Relevant and even prescient commentary on news, politics and the economy.

Islamic Extremist Violence v. Right Wing Extremist Violence, and Our Government

Earlier this month, the Government Accounting Office released a report entitled Countering Violent Extremism”. Its a great example of how to outright lie using data. (I note that the, um, “analysis” was performed between October 2015 and April 2017, and bears the previous administration’s imprint. The current administration’s inanities lie in an orthogonal direction.)

The upshot of the report is:

GAO recommends that DHS and DOJ direct the CVE Task Force to (1) develop a cohesive strategy with measurable outcomes and (2) establish a process to assess the overall progress of CVE efforts. DHS and DOJ concurred with both recommendations and DHS described the CVE Task Force’s planned actions for implementation.

All well and good, once you get through the acronymese. But you cannot tackle something you don’t understand, or pretend not to understand. (Sun Tzu’s dictum about the need to know the enemy and know oneself comes to mind.) And this is how the authors of the piece understand violent extremists:

Of the 85 violent extremist incidents that resulted in death since September 12, 2001, far right wing violent extremist groups were responsible for 62 (73 percent) while radical Islamist violent extremists were responsible for 23 (27 percent). The total number of fatalities is about the same for far right wing violent extremists and radical Islamist violent extremists over the approximately 15-year period (106 and 119, respectively). However, 41 percent of the deaths attributable to radical Islamist violent extremists occurred in a single event—an attack at an Orlando, Florida night club in 2016 (see fig. 2). Details on the locations and dates of the attacks can be found in appendix II.

The usual narrative we’ve seen in the past decade and change in this country is that right wing extremists are more dangerous than Islamic extremists. But bad as the right wing crazies are, the narrative is getting a bit hard to sustain, what with the internet being so easily accessible. So the rear-guard action now seems to be to say that radical extremists at least aren’t any worst than the people we actually are allowed to think of as villains, and maybe better if you ignore that Mateen fellow.

But going to appendix II, where the data, such as it is, sits, is eye opening. Appendix II is basically a collection of sordid acts, described in short blurbs. Some are well-known, such as the aforementioned Mateen case: “Orlando Night Club shooting. Omar Mateen killed 49.” Some are oddly described. The John Allen Muhammad – Lee Boyd Malvo sniper attacks are broken up into 15 separate incidents, each with one dead victim. (This seems shy of the 17 deaths attributed to them in other sources, but that’s a quibble.)

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Is Authoritarian Nationalism Mostly A Rural Phenomenon?

by  Barkley Rosser

Is Authoritarian Nationalism Mostly A Rural Phenomenon?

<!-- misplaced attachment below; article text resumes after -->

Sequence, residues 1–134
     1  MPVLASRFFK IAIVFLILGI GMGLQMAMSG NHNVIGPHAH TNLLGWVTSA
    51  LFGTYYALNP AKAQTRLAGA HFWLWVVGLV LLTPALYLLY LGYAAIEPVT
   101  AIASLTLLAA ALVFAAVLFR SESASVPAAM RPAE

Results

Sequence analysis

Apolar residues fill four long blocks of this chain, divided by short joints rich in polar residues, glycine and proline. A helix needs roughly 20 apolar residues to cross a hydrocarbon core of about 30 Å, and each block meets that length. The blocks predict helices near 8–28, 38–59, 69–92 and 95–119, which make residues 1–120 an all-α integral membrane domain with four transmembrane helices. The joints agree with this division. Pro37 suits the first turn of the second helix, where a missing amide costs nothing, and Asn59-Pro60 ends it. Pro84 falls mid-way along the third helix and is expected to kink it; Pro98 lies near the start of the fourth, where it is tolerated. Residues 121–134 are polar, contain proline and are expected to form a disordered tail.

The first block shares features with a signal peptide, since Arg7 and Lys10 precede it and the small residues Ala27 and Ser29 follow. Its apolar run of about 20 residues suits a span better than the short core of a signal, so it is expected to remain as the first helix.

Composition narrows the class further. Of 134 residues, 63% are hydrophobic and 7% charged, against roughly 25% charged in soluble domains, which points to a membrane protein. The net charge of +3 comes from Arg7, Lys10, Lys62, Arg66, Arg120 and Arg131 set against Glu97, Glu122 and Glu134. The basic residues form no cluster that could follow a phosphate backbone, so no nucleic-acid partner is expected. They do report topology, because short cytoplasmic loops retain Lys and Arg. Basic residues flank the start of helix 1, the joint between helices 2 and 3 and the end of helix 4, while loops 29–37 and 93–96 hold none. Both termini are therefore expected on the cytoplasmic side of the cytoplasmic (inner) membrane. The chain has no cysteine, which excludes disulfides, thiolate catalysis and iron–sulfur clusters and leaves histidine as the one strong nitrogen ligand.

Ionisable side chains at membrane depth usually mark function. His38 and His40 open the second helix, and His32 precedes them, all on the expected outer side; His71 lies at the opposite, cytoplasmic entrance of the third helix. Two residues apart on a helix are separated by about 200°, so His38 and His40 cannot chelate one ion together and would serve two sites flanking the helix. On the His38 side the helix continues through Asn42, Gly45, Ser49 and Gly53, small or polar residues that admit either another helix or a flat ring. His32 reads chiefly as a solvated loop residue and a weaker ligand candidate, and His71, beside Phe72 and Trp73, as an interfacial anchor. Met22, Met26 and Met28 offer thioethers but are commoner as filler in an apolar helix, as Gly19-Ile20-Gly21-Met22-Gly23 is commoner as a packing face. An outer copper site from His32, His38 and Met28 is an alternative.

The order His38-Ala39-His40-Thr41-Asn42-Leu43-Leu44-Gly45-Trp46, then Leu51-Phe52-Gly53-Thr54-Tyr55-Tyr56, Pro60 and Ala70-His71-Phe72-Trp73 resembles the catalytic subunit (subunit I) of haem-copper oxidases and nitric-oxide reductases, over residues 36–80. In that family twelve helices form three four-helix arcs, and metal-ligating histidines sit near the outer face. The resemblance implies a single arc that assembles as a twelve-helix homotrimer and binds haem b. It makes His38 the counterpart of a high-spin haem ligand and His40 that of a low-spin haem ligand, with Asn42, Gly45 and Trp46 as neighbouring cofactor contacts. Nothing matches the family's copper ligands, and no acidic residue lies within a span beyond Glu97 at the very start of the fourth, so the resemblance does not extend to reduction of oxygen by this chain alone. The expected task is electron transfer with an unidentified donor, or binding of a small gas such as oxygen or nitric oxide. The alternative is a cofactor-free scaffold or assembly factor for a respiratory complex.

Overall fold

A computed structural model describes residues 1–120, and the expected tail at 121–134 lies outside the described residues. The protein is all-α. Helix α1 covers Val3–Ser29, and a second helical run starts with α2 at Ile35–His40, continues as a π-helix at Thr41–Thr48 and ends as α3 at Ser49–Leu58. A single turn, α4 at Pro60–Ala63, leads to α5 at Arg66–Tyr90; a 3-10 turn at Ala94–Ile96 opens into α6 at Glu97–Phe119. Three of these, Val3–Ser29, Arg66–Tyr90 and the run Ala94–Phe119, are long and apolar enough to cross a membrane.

Offhand it looks like maybe it is.  In the US Trump won overwhelmingly in rural areas while losing all of the largest cities.  Yes, he took some mid-size declining industrial ones like Youngstown, OH and Erie, Pa, while losing some rural areas in places like Vermont as well as areas with minority groups the majority of the population.  But in general it holds, he won the countryside and lost the big cities.

In France, Marine Le Pen is also leading in some declining industrial cities of the Northeast for the upcoming presidential second round, but she loses in the larger growing cities such as Paris and Toulouse.   Recently The Economist reported a study showing that as one goes from downtown Paris outward there is a linear and substantial increase in support for her.  Again, the countryside is her base.

The Brexit vote was more for nationalism than authoritarianism, but in England it was the same pattern, countryside and declining industrial cities for Exit while London was strongly for Remain.  Of course in Scotland, every county was pro-Remain, but that is a special case.

In Russia, where Putin apparently remains very popular, his base is also  the countryside.  The main location where one finds open opposition to him?  Moscow, the largest, richest, and capital city.

So it looks like there is a pattern here, but there are some exceptions.

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Two hits and a miss on GDP and wages

by New Deal democrat

Two hits and a miss on GDP and wages

We got two pieces of good news from the GDP report this morning, and one piece of bad news for workers.

First, from the important long leading housing sector, real private fixed residential investment rose again to a new post-recession high:

This adds to the generally positive data coming out of that sector.

Second, proprietors income increased:

This is a good proxy for corporate profits, which won’t be reported until next month.  It isn’t quite as reliable an indicator, but the two generally move in the same direction so the two long leading aspects of the GDP report were hits.

This miss was in the Employment Cost Index. 

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Ad blockers…?

I use an ad blocker in general, and add exceptions if ads are not onerous and I want to subscribe to help fund sources. The impact on AB is not large but helps keep AB on a non-profit level instead of using personal funds. Contributors are volunteers. But I would like to hear from readers on notions on their own experience…AB is glad to share links to content almost anywhere.